Ed Driscoll

Dr. Huxtable has to pay for those Flashy Sweaters Somehow

If you’re a Canadian fan of Bill Cosby, don’t expect him to perform his stand-up routine north of the 49th Parallel anytime soon, based on what he told one what he said earlier this month on Twitter:

Dear @jinkerjacket your Canadian Gov requires a huge payment from my earnings. You’ll have to view me tax-free here: http://bit.ly/CosbyApp

As Kevin Hilferty of the Center for Freedom and Prosperity adds:

It is a commonly held belief that famous performers do not take tax rates into account when deciding where to go on tour. Mr. Cosby proves this to be incorrect.  Actors and comedians are normal people like anyone else, and as such are influenced by tax competition. All things equal, areas with lower tax rates will receive more business than those with higher tax rates. This tax competition helps restrain the size of government because politicians realize that jobs and investment can cross borders (or not cross in this case) if they get too greedy and impose high taxes.

This is an important lesson for governments considering raising taxes on non-resident performers. Actors, comedians, and sports stars all might make a lot of money, but they still want to keep that money by avoiding high taxes. While it may seem like an easy source of tax revenue to politicians, it may just end up keeping their constituents from seeing the shows they desire.

One late night a couple of weeks ago, I watched Rolling Stones: Stones in Exile, a documentary released last year on the making of 1971’s Exile on Main Street and available in streaming form from Netflix. The early part of the documentary lays out why one of the quintessential British rock groups recorded arguably their definitive album in France. The Stones’ desire not to lose their earnings to the British government is a reminder that while Keith Richards has long said that the Stones and the Beatles were always friendly musical competitors, in many respects, the Stones served as a counterweight for some of John Lennon’s sillier and grandiose attempts to play to the rafters.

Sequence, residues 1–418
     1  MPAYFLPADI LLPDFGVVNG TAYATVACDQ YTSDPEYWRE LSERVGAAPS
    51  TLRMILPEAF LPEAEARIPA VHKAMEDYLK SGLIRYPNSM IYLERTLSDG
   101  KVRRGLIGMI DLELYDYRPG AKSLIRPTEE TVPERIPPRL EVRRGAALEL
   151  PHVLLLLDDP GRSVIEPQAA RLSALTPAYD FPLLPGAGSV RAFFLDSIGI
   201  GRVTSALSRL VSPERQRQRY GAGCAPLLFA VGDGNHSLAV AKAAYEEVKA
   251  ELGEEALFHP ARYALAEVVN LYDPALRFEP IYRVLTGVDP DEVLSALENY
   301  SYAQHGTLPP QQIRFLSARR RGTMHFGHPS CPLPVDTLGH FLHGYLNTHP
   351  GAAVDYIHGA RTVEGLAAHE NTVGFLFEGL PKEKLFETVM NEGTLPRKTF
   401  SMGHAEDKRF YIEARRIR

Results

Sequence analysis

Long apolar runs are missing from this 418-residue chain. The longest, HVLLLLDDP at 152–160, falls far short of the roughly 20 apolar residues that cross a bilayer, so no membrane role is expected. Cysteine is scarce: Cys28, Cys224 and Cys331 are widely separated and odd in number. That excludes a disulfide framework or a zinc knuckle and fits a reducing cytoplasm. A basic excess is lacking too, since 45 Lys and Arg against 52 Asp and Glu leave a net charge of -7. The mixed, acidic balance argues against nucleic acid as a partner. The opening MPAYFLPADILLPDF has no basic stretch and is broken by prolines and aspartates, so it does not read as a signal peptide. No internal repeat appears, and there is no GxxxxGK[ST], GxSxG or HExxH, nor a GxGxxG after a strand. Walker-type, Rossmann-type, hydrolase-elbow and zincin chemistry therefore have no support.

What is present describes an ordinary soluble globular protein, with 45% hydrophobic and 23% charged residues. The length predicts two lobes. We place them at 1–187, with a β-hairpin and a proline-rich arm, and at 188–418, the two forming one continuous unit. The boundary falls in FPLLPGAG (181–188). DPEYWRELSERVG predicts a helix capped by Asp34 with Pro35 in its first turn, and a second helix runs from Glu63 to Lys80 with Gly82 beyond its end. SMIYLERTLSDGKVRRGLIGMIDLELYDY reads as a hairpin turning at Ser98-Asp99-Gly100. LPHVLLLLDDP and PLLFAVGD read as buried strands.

In 1967, Lennon swore that “All You Need is Love;” Keith later responded (and I’m paraphrasing here, as I don’t have the interview in front of me), “All you need is love? Try living on it sometime.”) And similarly, in 1971, Lennon as a solo artist wrote “Imagine,” in which he sang “Imagine no possessions.” Almost concurrently, the Stones were saying nuts to that — they left England and moved to France, where they recorded Exile, to avoid having their wealth confiscated by the rapacious taxation of high-earners by the British government.

Oh and speaking of Lennon’s longtime writing partner, Paul and his wife paid as much attention to the precepts of “Imagine” as multimillionaire Lennon himself, as Mark Steyn wrote a few years ago in the London Telegraph after the Live8 concert to (as best I recall the purpose of the concert), convince western governments to forgive Africa’s debt:

Seven years ago, you’ll recall, Sir Paul’s wife died of cancer. Linda McCartney had been a resident of the United Kingdom for three decades but her Manhattan tax lawyers, Winthrop Stimson Putnam & Roberts, devoted considerable energy in her final months to establishing her right to have her estate probated in New York state.

That way she could set up a “qualified domestic marital trust” that would… Yeah, yeah, yeah, in the immortal words of Lennon and/or McCartney. Big deal, you say. We’re into world peace and saving the planet and feeding Africa. What difference does it make which jurisdiction some squaresville suit files the boring paperwork in?

Okay, I’ll cut to the chase. By filing for probate in New York rather than the United Kingdom, Linda McCartney avoided the 40 per cent death duties levied by Her Majesty’s Government. That way, her family gets all 100 per cent – and 100 per cent of Linda McCartney’s estate isn’t to be sneezed at.

For purposes of comparison, Bob Geldof’s original Live Aid concert in 1985 raised £50 million. Lady McCartney’s estate was estimated at around £150 million. In other words, had she paid her 40 per cent death duties, the British Treasury would have raised more money than Sir Bob did with Bananarama and all the gang at Wembley Stadium that day.

Given that she’d enjoyed all the blessings of life in these islands since 1968, Gordon Brown might have felt justified in reprising Sir Bob’s heartfelt catchphrase at Wembley: “Give us yer fokkin’ money!” But she didn’t. She kept it for herself. And good for her. I only wish I could afford her lawyers.

Of course, if it seems amazing to see celebrities as arch-liberal as Cosby and Paul and Linda McCartney suddenly become fiscal conservatives when it’s their own money that’s on the line, it’s a reminder of Conquest’s First Law of politics, “Everyone is conservative about what he knows best.”

(Of course, when they start telling you what you should do with your wallet, watch out. Or just tune out.)